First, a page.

Inflammatory Breast Cancer – Signs and Symptoms

It may be a surprise to many individuals that there are many different forms of breast cancer. One rare and aggressive form is Inflammatory Breast Cancer (IBC). IBC tends to appear as an area of irritated, red, swollen skin on the affected breast. This irritation is caused by cancer cells blocking the lymphatic cells in the skin of the breast. Perhaps the most scary thing about this form of breast cancer is that it may not be seen on mammograms or ultrasounds, leading it to commonly being misdiagnosed as an infection. By the time IBC is diagnosed, it has often spread, growing into the skin of the breast and possibly into other areas of the body, most commonly into nearby tissues and lymph nodes.

Many forms of breast cancer present as a lump, but this is rarely the case with IBC. It tends to develop in a manner that is more similar to a sheet underneath the skin, meaning you may be more likely to literally see signs and symptoms before you can feel them. These signs and symptoms may include:

  • Rapid change in the appearance of one breast, taking place in the course of a matter of weeks

  • Visible enlargement of one breast

  • Discoloration, in which the breast takes on hues of red, purple, or pink, or appears bruised

  • A bruise on one breast that does not go away

  • Abnormal warmth in the affected breast

  • Appearance of dimpling or ridges in the skin of the affected breast; may resemble the peel of an orange in texture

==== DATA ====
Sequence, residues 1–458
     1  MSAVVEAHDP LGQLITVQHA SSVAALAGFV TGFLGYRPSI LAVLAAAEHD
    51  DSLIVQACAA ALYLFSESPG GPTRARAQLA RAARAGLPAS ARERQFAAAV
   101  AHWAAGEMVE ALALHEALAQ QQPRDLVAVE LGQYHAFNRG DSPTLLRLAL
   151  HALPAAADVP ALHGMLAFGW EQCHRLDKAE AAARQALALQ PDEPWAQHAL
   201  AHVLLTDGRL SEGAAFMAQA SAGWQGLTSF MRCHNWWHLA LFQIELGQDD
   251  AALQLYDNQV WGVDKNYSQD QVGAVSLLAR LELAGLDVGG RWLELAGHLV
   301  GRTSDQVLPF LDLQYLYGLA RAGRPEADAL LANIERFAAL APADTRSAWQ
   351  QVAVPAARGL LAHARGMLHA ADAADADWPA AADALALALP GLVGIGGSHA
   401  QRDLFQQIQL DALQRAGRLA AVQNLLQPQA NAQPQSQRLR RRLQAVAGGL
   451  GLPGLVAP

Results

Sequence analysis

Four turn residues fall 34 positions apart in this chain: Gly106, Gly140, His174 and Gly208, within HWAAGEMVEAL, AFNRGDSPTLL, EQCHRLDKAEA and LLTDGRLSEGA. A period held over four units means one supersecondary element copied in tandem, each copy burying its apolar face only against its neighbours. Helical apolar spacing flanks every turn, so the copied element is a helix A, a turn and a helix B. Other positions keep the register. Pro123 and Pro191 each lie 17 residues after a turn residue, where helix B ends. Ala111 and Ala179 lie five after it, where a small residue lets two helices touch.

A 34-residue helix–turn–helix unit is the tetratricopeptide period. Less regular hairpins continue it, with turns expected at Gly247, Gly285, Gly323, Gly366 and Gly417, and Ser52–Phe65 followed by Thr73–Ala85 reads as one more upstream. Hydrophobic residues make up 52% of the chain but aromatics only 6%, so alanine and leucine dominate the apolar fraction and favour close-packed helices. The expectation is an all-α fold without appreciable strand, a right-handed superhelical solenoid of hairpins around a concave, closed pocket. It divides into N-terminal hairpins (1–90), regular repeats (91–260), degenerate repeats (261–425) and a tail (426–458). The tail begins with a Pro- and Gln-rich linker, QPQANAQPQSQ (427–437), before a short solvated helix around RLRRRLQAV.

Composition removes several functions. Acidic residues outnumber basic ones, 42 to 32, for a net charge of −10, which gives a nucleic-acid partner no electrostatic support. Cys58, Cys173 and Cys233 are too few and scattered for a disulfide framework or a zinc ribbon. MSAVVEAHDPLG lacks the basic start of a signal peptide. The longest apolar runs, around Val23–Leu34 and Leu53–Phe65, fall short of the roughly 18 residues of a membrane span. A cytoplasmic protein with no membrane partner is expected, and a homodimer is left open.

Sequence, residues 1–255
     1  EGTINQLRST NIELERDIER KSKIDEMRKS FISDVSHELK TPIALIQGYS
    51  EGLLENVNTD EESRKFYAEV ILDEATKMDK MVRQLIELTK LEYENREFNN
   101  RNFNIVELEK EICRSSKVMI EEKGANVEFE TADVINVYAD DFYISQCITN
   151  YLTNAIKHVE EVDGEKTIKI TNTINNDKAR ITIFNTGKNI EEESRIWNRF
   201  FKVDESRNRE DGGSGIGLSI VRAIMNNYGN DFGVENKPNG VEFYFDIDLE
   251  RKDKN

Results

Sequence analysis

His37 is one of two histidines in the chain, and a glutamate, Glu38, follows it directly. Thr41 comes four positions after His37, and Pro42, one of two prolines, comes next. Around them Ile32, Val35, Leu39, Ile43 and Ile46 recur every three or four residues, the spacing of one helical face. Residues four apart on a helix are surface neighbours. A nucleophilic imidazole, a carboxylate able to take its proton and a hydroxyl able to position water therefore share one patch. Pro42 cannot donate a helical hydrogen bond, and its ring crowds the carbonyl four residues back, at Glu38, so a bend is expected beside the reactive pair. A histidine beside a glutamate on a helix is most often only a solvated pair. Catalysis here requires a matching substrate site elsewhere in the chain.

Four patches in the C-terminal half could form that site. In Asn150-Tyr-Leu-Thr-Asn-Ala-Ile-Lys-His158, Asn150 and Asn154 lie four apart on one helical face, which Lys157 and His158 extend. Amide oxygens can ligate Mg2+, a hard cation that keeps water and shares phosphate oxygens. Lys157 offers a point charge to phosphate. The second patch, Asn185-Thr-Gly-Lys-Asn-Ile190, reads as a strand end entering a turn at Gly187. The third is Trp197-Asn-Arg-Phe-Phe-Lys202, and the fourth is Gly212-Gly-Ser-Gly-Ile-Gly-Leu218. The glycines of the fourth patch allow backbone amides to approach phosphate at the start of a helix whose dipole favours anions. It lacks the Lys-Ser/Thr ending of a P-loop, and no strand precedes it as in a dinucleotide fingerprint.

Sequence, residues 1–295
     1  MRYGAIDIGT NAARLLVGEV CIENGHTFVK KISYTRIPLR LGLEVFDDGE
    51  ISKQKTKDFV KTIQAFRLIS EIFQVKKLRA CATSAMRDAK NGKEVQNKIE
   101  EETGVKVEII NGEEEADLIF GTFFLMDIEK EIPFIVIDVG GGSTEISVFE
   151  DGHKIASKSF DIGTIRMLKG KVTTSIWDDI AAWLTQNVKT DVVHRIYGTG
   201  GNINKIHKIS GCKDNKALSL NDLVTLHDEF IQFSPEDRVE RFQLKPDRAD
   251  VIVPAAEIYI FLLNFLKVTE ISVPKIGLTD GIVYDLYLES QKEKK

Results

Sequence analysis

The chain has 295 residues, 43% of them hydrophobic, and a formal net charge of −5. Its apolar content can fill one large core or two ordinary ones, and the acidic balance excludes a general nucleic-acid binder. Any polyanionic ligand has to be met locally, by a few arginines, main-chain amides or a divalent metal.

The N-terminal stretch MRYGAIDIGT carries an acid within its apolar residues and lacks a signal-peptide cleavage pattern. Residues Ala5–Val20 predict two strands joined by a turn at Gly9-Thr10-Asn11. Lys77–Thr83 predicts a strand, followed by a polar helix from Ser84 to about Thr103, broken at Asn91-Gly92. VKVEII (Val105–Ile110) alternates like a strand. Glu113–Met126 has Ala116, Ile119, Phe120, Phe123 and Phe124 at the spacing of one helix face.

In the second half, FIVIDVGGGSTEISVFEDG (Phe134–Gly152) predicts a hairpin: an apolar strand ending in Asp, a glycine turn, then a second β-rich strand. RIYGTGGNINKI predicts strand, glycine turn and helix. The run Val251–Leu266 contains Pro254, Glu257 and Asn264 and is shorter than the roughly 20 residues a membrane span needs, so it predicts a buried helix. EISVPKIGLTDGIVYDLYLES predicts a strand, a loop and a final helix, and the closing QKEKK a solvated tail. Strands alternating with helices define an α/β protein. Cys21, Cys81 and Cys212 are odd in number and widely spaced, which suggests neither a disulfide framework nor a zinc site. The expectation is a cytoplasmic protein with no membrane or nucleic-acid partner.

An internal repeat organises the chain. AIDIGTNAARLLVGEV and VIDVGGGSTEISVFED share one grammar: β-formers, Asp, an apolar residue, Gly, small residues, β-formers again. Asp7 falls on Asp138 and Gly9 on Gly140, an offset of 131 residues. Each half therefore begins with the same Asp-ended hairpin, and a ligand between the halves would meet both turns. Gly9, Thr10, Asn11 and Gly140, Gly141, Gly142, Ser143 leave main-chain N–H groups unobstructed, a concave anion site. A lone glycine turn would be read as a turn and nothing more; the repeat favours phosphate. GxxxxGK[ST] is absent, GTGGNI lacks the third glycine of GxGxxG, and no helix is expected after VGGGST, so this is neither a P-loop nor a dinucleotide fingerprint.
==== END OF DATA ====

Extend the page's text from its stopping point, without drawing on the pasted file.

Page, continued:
• Aching, pain, or tenderness in one breast

  • Itching on the affected breast

  • Enlarged lymph nodes near the affected breast, such as in the armpit or near the collarbone

  • Change in the appearance of the nipple, such as flattening or inverting

  • Discharge from the nipple

These symptoms may also be indicative of a more common, benign condition, such as an injury or infection. Your doctor may treat your symptoms as one of these more common conditions if she has no additional cause to suspect IBC. If your doctor does offer treatment for a breast infection and symptoms do not subside, however, contact your doctor. She may decide to run some more definitive diagnostic tests. Mammograms and other imaging tests may not always catch IBC, so your doctor may order a biopsy, where a small section of the affected area is removed from the body and the cells are tested.

There is little that one can do to reduce the risk of developing IBC, though it is fortunately an uncommon condition. One has an increased risk for developing IBC if she is a woman, is Black, is older, and/or is obese, but this disease may strike in people with none of these risk factors. If your doctor does determine that you have IBC, treatment may take the form of chemotherapy, surgery, radiation therapy, or even hormone therapy.


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